maybe wrong, and very wrong

On my nursery visit last weekend I saw some great stuff: dozens of heucheras, lots of perennials just starting to emerge, color. I also saw some questionable stuff. Things that make me stop and say "that's just wrong".

The first example is not a clear case. My first thought upon seeing this foot was "wow, funky", but then I decided it was "too funky"... or did I?


Even now I'm undecided. I think what I object to most about the foot planter is the scale of it compared to the plants that you can put into it.

The opening is tiny! Well, small at least:

Plus, the price is much too high for my tastes. If I'm going to spend $80 on a pot, it better be a big one, able to hold either lots of smaller plants or a huge one.

Still, I could see this working with some other less-whimsical pots, or half-hidden in foliage in one of the beds.

I don't know that I'd go overboard with the whole series though:

The larger head planter was $100, and I couldn't find a price on the "hands"pot. All of these are hard to visualize filled with plants. I still don't know if they'd look goofy or great.

None of these came home with me. Perhaps they're not wrong for some gardens, but they didn't feel "right" enough for mine.

I went to a second nursery that same day, but they didn't have many perennials or annuals yet. I did see something that caught my eye in one of the greenhouses though:

Bamboo! Potted up like a perennial! At a reasonable price! Sounds too good to be true...

Unfortunately, it is.  This is Borinda boliana, a clumping bamboo that is "Probably the most cold-tolerant in the Borinda genus" according to Bamboo Garden.

Clumping, cold-tolerant -- sounds great! The problem is, "cold-tolerant" is relative, and although this bamboo is fantastic in the coastal areas of the Pacific Northwest and California, it's only hardy to 10ºF, rated zone 8. Also, like many of the temperate clumping bamboos that originate in mountainous areas, it doesn't tolerate hot and humid climates.

You should do a better job of hiding your recent repotting.

So it can't take St. Louis winters, nor our summers. Perfect!

At least they're still alive!

It's just wrong that a local nursery would be selling this. I guess it illustrates just how misunderstood bamboo is, even among professional plant people.

( I suppose I should go back there this weekend and try to educate them about the bamboo. It would be another wrong if I didn't try.)


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Unknown  – (March 15, 2013 at 9:29 AM)  

I was hooting with laughter when I saw those funky pots. The face-pot is reminiscent of Salvador Dali's pieces. I love them and they would definitely make great conversation pieces. However the price is prohibitive. I can also see and understand your rationality.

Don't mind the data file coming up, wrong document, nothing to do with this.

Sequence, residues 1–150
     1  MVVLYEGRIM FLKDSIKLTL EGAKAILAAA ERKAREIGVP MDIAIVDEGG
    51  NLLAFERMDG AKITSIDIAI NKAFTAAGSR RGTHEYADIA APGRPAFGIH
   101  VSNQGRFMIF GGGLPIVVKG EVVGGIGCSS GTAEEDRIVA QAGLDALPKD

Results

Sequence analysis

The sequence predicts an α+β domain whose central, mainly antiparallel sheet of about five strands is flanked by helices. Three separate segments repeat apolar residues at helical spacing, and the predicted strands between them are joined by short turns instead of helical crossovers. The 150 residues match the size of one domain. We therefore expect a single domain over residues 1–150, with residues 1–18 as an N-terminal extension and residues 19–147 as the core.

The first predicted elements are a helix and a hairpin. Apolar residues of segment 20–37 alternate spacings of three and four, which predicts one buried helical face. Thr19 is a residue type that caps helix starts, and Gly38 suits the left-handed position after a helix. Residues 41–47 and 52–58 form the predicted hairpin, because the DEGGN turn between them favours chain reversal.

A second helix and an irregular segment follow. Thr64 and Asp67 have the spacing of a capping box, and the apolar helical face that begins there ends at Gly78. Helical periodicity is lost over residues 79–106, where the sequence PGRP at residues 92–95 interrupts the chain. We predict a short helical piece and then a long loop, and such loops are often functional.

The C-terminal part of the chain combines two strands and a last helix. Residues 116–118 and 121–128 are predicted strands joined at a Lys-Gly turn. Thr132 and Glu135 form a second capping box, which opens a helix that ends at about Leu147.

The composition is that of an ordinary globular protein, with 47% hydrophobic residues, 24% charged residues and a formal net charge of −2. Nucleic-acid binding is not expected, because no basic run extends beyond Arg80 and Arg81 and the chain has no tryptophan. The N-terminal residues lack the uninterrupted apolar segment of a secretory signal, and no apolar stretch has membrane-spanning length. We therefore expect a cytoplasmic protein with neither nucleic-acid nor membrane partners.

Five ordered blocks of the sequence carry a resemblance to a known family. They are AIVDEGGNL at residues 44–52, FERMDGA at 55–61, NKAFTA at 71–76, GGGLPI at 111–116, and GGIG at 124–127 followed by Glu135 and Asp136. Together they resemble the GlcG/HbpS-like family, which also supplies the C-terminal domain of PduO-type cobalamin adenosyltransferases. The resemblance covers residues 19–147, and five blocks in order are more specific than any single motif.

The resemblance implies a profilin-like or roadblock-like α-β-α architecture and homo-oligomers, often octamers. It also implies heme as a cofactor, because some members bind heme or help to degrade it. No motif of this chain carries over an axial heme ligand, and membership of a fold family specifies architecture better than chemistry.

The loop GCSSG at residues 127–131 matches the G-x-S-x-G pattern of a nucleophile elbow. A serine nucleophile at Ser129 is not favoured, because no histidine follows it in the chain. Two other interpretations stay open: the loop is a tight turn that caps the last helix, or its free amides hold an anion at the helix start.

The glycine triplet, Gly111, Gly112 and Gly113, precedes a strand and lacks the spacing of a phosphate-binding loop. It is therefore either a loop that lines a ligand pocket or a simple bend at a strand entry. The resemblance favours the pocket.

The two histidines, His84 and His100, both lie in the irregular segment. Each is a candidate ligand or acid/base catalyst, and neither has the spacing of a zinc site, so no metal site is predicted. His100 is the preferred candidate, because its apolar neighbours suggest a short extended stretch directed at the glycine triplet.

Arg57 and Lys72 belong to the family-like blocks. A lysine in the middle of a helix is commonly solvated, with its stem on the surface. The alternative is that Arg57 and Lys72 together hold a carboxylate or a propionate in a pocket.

danger garden  – (March 15, 2013 at 11:20 AM)  

I run from those pots, all of them. They are horrid!!! As is nurseries selling plants not suited to the climate they're selling least if they don't have signage saying such. Good luck with your attempt to educate...let us know how that goes!

M  – (March 15, 2013 at 5:17 PM)  

Yikes on the ceramic pots and those prices... Your not alone at all on passing on them. On the other topic, I too tried educating a nursery that at one time received monroiva tissue cultured bamboo. It really depends on the owners, but in my case my suggestion they not carry it fell on deaf ears. You may have better luck considering it won't last the summer at the nursery. Please let us know how that turns out.

Anonymous –   – (March 15, 2013 at 6:36 PM)  

These pots were in the Austin nurseries a couple of years ago, and I bought two matching feet. I like mine, but then again my garden is off the beaten path, so funky feet are appropriate plus the feet match the name of my blog. :-)

Alan  – (March 15, 2013 at 6:40 PM)  

The one who bought two of the feet planters wishes to remain anonymous. :) Were they around the same price when you bought them?

I still think they'd look great in the right setting.

Steve Lau  – (March 15, 2013 at 7:50 PM)  

Just be glad they actually have good root balls inside those pots even though they were recently transplanted.

I've seen nurseries here where they sell for up to 100$ bare root fruit trees that are basically a stick inside of a 25 gallon plant. You can basically tell by wobbling the stick back and forth.

Lisa  – (March 15, 2013 at 8:57 PM)  

I have my eye on a Big Foot statue at the local garden center. It's about two feet tall and is that iconic pose where he's fleeing and looking back over his shoulder. My husband, however, is not a fan. Ha! Maybe someday!

Anonymous –   – (March 16, 2013 at 11:19 AM)  

The feet I bought were the same price, but I'd been given a gift card to the nursery so it knocked a huge chunk off of the price.

The Gardening Blog  – (March 17, 2013 at 5:58 AM)  

Big feet in the garden? Umm. I am not mad about that! Kinda "What were you thinking?"

Gerhard Bock (Succulents and More)  – (March 19, 2013 at 12:44 PM)  

LOL. It's comforting to know that things are no different in your neck of the woods. Weird accessories, and plants that will never thrive in the area where they're sold.

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